Is Borg essentially Google's version of Condor?

Borg is more like Kubernetes than Condor. It's for managing multiple computing jobs across many machines, instead of managing one highly parallel job across many machines.

What is condor?

They probably mean the Condor project which started in academia in the late '90s as a part of what was called grid computing: https://research.cs.wisc.edu/htcondor They also have an extensive list of publications over the years: https://research.cs.wisc.edu/htcondor/publications.html

What is Borg written in? C, C++ or Go?

Borgmaster itself is written in C++, though like many internal Google systems using protobufs for defining a lot of the interfaces and RPC bits.

It’s been around a long time, before Go existed :).

Also a name clash with Borg the backup utility (which is the #5 item returned from a google search for "borg" for me when I just tested what would come back):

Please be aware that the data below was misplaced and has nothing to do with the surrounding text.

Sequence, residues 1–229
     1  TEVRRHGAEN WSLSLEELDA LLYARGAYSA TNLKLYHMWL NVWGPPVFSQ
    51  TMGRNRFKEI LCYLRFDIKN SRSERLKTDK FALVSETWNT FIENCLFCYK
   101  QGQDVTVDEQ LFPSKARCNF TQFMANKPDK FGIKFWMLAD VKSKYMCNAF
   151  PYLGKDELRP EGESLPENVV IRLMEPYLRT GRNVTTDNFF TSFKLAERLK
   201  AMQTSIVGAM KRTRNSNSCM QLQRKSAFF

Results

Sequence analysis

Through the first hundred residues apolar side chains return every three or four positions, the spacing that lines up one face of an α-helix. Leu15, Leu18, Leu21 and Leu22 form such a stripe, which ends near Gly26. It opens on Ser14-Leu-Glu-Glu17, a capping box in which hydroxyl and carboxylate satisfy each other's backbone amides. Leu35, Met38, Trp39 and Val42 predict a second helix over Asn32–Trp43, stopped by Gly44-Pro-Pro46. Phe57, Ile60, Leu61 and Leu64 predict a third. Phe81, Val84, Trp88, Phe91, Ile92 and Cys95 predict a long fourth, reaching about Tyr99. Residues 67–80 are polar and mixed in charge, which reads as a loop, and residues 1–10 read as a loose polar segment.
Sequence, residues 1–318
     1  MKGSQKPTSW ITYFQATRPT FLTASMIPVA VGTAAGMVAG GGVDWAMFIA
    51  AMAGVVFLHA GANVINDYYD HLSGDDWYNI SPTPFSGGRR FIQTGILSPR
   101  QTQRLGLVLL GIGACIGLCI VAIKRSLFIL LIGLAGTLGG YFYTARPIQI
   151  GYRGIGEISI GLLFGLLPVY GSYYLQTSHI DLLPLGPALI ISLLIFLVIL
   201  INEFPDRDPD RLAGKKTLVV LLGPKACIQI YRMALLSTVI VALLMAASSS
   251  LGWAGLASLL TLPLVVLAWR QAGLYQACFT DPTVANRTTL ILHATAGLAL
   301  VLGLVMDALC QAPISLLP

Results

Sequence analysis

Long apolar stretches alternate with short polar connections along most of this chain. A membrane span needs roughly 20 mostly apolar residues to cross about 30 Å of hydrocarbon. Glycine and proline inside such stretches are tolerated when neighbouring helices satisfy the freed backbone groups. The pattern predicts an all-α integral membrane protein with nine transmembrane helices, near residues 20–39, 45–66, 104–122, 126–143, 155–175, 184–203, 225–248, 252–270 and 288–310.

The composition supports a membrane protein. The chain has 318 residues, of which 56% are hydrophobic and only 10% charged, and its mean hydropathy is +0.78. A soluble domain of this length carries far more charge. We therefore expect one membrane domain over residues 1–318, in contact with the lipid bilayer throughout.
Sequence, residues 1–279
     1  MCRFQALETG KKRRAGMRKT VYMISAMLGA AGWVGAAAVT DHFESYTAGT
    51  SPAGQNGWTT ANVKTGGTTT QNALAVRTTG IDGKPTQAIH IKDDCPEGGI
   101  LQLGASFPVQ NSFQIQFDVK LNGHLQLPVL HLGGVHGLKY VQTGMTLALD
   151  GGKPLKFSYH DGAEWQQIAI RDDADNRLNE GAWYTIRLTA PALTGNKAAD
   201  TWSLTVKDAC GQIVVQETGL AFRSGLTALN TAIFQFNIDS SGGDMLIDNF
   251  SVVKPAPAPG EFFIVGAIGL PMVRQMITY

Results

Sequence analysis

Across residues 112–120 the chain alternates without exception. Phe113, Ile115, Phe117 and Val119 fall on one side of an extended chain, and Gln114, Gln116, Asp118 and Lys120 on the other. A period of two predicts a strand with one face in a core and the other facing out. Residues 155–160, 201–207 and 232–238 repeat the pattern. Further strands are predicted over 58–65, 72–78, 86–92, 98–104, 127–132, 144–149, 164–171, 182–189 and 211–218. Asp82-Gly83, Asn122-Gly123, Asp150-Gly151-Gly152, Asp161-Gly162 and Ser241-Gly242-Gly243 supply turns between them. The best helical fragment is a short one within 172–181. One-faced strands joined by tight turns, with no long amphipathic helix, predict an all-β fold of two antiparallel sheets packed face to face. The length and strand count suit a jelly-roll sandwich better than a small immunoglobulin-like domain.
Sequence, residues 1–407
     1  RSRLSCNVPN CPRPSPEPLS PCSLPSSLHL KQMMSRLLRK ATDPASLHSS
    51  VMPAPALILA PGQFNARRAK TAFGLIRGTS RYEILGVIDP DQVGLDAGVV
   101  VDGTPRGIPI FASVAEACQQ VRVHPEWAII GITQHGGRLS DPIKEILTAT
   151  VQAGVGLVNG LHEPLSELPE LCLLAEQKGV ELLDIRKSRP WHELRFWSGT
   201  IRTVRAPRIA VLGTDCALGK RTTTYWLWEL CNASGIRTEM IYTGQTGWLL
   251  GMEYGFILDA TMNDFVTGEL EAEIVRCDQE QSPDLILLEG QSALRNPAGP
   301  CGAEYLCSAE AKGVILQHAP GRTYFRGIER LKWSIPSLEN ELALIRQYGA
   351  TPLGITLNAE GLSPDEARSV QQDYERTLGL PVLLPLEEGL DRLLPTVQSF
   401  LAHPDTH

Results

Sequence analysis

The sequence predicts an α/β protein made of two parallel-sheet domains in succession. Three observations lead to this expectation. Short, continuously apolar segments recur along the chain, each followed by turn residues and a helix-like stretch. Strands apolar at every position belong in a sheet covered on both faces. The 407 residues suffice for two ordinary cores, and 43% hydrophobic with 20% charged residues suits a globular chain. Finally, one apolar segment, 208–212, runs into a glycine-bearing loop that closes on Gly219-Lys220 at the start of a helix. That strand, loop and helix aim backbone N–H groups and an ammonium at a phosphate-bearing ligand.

Because I was curious:

- The Borg are a fictional race of aliens in Star Trek: Next Generation. They were first shown on TV in 1989. This appears to be the basis for the software projects' naming.

- Borg, Google's cluster management system, was introduced at some point prior to 2006 (per [0], published in 2016, which states Borg was introduced "over a decade ago").

- Borg the backup system was forked from Attic in 2015 [1]

[0]: https://cloud.google.com/blog/products/gcp/from-google-to-th...

[1]: https://borgbackup.readthedocs.io/en/stable/changes.html#ver...

Googler here.

Borg @ Google predates Borg the backup utility by several years.

Nah, Borg as a cluster manager way cooler and appropriate than Borg the backup utility.